Cell-Mediated Cytotoxicity Assay by High-Throughput Direct Cell Counting in Microplates using Fluorescence-Based Image Cytometry
Poster Mar 06, 2015
Leo L. Chan, Srinivas S. Somanchi, Kelsey J. Rosbach, and Dean A. Lee.
Cytotoxicity assays play a central role in studying the function of immune effector cells such as cytolytic T lymphocytes (CTL) and natural killer (NK) cells. Traditionally, cytotoxicity assays have been performed using
51Chromium (51Cr) and Calcein release assays. The assays involve labeling tumor cells (target) with radioisotope or fluorescent dyes, when the target cells are subjected to cytolysis by CTLs or NK cells (effector), they releases the entrapped labels into the media upon lysis. The amount of labels in the media is measured to determine the level of cytotoxicity the effectors have induced. These traditional methods may generate inconsistent results due to low sensitivity caused by poor loading efficiency and high spontaneous release of the reagents. In addition, measuring radioactivity or fluorescent labels released in supernatant is an indirect method for analysis. In this work, we demonstrate a novel high throughput cytotoxicity detection assay using the Celigo imaging cytometry method. Utilizing imaging cytometry, direct cell counting of live fluorescent target cells can be performed, which is a direct method for assessment of cytotoxicity. Human NK cells from one healthy donor were used as effectors, and K562 (suspension) and IMR32 (adherent) were used as the target cells. Both target cells were first stained with Calcein AM, and seeded at 10,000 cells/well in a standard 96-well microplate. The donor NK cells were then added to each well at Effector-to-Target (E:T) ratios 10:1, 5:1, 2.5:1, 1.25:1, 0.625:1, and 0.3125:1. The 96 well plate was then scanned and analyzed using Celigo Imaging Cytometer at t = 1, 2, 3, and 4 h to measure the % lysis of target cells. The results showed increasing % lysis as incubation time and E:T ratio increased. The propose Celigo Imaging Cytometry is an accurate and simple method for direct quantification of cytotoxicity, which can be an attractive method for both academic and clinical research.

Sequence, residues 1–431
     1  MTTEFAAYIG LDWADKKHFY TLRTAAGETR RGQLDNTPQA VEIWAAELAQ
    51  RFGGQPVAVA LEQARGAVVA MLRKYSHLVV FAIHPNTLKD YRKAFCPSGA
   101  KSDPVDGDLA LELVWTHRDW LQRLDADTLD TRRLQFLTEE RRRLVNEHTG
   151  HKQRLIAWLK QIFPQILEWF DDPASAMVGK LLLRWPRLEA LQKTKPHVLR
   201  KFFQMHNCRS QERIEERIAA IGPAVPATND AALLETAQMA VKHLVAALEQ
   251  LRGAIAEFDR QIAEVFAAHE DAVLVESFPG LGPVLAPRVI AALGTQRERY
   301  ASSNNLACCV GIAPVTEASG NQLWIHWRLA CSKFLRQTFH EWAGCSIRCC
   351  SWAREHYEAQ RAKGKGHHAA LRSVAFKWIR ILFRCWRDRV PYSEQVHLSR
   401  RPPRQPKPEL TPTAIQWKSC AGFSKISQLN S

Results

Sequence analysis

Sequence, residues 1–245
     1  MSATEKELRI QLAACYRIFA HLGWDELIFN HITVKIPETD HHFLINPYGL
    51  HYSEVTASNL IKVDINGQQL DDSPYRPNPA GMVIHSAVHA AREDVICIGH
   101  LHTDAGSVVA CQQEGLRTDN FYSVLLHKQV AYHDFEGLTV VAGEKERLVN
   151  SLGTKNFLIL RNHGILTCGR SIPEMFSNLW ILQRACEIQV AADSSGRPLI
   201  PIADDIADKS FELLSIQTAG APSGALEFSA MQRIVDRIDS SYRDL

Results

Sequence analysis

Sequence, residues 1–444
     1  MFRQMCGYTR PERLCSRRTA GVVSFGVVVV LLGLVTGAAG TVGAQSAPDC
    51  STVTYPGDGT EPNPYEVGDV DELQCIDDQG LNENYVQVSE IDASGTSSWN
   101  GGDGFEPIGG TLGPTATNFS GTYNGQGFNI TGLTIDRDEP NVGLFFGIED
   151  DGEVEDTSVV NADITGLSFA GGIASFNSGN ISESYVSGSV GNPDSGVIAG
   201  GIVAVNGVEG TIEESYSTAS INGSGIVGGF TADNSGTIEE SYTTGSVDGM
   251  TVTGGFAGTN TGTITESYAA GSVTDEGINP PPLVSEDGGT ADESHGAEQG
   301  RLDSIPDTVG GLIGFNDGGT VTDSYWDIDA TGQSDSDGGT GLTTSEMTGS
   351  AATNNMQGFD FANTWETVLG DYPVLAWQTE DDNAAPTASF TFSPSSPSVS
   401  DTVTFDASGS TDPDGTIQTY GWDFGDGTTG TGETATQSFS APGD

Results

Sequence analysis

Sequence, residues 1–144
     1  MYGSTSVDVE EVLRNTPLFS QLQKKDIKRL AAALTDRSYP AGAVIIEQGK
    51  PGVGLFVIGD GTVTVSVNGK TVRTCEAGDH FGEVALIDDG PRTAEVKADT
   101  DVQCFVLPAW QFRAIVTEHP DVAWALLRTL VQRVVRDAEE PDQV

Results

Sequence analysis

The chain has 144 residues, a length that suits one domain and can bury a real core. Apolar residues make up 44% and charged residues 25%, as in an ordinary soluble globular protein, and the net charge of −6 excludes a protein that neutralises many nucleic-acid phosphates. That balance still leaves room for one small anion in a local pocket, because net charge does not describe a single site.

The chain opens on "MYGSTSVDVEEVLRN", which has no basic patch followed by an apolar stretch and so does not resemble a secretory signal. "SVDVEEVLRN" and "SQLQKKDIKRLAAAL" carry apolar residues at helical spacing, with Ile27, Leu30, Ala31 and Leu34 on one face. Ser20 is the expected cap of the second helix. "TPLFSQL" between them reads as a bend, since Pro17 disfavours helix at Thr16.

Basic fibroblast growth factor (bFGF) is widely used in vitro for the maintenance and stimulation of a variety of cells. However, use of native bFGF in cell biology is limited by the fact that bFGF rapidly degrades at physiological temperatures. We have addressed this problem with an engineered form of bFGF, named Heat Stable bFGF (HS bFGF), which is stable at 37 degrees Celsius.READ MORE